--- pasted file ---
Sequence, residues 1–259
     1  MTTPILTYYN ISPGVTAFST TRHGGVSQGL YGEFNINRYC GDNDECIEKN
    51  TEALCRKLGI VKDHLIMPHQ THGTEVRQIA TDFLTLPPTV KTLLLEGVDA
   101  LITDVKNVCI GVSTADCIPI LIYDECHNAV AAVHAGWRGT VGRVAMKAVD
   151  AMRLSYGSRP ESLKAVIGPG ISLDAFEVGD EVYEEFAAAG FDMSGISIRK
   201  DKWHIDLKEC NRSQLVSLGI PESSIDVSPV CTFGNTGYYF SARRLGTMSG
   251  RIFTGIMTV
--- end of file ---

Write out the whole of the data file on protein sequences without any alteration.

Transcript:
Sequence, residues 1–259
     1  MTTPILTYYN ISPGVTAFST TRHGGVSQGL YGEFNINRYC GDNDECIEKN
    51  TEALCRKLGI VKDHLIMPHQ THGTEVRQIA TDFLTLPPTV KTLLLEGVDA
   101  LITDVKNVCI GVSTADCIPI LIYDECHNAV AAVHAGWRGT VGRVAMKAVD
   151  AMRLSYGSRP ESLKAVIGPG ISLDAFEVGD EVYEEFAAAG FDMSGISIRK
   201  DKWHIDLKEC NRSQLVSLGI PESSIDVSPV CTFGNTGYYF SARRLGTMSG
   251  RIFTGIMTV